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Topics - kob3203

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We've been trying to identify the location of the attached photo (the full size photo is posted here), and after considering places as diverse as Ceylon, Egypt, and the Balkans in addition to the more obvious UK it now seems most likely to be somewhere in Glamorganshire or Pembrokeshire (the cap badge, uniform and equipment makes it most likely that the men are from the Glamorgan Yeomanry or Pembroke Yeomanry, and the landscape definitely has that British countryside look to it).

tonepad suggested that the building on the horizon near the horseman's rifle muzzle looked like the medieval dovecote at Llantwit Major in Glamorganshire, which it certainly does. While following that up I was googling for WWI army camps in Wales - I didn't find any near Llantwit Major but came across several photos of a pre/early WWI Yeomanry camp at Penally with a similar feature on the horizon - see this and subsequent replies on the other topic for details and links.

So is this photo taken at Yeomanry Field in Penally ?

P.S. The Penally History Group posted several of the photos I found (and the alternative names in the title are from one of those). But although their website says to email them it doesn't give any email address ! With luck one of them is a member here.

I'm specifically wondering how much it is possible to tell simply from his uniform and equipment.

I've done some online research myself, but would like other people's opinions before saying anything else.

World War One / Was it common for a man to serve in two different regiments ?
« on: Thursday 07 October 21 03:38 BST (UK)  »
I'm wondering how common it was for a man to serve in two different regiments over the course of the war.

If so, what would be the most common reasons ?

And would you expect to see two separate service records ?

The specific case involves the South Wales Borderers and the Royal Garrison Artillery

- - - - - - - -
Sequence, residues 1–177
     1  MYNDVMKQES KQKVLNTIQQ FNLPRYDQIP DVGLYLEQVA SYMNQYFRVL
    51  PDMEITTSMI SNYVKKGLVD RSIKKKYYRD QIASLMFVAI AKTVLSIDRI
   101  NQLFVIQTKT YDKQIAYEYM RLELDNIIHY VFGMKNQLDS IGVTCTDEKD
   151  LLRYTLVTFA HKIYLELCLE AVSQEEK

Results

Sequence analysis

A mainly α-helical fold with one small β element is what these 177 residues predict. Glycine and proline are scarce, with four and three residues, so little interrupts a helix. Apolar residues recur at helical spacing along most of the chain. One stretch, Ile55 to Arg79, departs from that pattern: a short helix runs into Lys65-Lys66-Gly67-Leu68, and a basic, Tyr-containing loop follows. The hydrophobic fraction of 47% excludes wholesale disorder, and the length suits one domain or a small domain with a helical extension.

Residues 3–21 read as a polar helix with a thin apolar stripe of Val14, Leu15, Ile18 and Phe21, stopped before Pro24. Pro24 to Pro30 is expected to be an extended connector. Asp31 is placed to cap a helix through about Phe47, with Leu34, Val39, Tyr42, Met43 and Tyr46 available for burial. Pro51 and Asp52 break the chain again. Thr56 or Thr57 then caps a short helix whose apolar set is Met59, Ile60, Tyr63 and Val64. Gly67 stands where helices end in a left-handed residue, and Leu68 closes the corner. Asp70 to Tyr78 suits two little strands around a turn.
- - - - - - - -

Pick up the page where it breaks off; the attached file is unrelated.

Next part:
No restoration required.

No idea who the three chaps are.

We're mainly trying to identify where this photo was taken, and the unusual clothing would seem to be a major clue - if only we could tell where it was from !

The Common Room / Passenger manifests - person listed as 'stateless'
« on: Thursday 25 February 21 08:16 GMT (UK)  »
Can somebody elaborate on what this means ?

The gentleman in question is of Polish origin, living in Chicago, and returning from Ireland to the US with his new wife from Ireland (15 Nov 1956 Cobh to NY, TSS New York)

We've discovered a 1955 Q3 marriage between our Ellen Corbett and a Baranowski
A scan of the page with the her entry is available on FreeBMD here and there's nothing unusual there.
A scan of the page with both corresponding Baranowski entries is also available on FreeBMD here

Did you spot it ?

There's a Walter Baranaowski and a Wladyslaw Baranowski marrying a Corbett on p51 of the index, but on p294 of the index there's only one Corbett marrying a Baranowski.

Can anybody explain this ?

The Common Room / "Running away to Spain" late 1920s - passports ?
« on: Saturday 05 December 20 14:07 GMT (UK)  »
We're trying to verify a story that one of my Irish grandfather's sisters ran away to Spain. She was born in 1906, and married in Co.Cork in early 1931, but we know nothing else about her. Our initial assumption is that if the story's true it would probably have been some time in the mid to late 1920s.

The Wikipedia 'Irish Passport' article says that
the Irish government issued its first passports to the general public on 3 April 1924 but that, until January 1930, many Irish Free State citizens also had to obtain British passports.

Was it compulsory to have a passport in the late 1920s ?

Is there any way to check Irish and/or British passport applications made during the late 1920s ?

The Common Room / Grandfather on TV at Wimbledon (tennis) - not sure of year
« on: Saturday 07 November 20 08:27 GMT (UK)  »
My grandfather was a sound engineer, and we all recall mum crying out "Dad's on TV!" during Wimbledon one year. The umpire had a problem with his microphone and the game was stopped for a couple of minutes while my grandfather climbed up to the umpire's chair and fixed it.

We've been trying to narrow it down and best we can come up with is that it was the final (or possibly semi-final, maybe even quarter finals) of the women's singles, some time around 1978-1980.

I've found four complete matches on the official Wimbledon channel at Youtube - 1980 Evert/Goolagong final, 1980 Navratilova/King quarter final, 1978 Navratilova/Evert final, and 1977 evert/Wade semi-final. Each is a couple of hours long so I haven't watched them, just quickly scanned through and I can't see anything in them.

Does anybody have any suggestions as to how I could track this down ?

(I'm really hoping against hope that there's a tennis fanatic reading this who'll answer "Oh yes, I remember that, it was ..." - ever the optimist!  ;D )

I have an account at

I was recently invited to view a contact's tree on Ancestry.

However, this new tree is on the Australian site ( ) and I apparently have to create a new account over there in order to view it.

This may be because I only have a free account, so I'd be interested to know if anybody else has come across this.

RESOLUTION (Thanks to everybody who responded):  You can log into any Ancestry regional site using the same login as your normal one. That even works with a free account.

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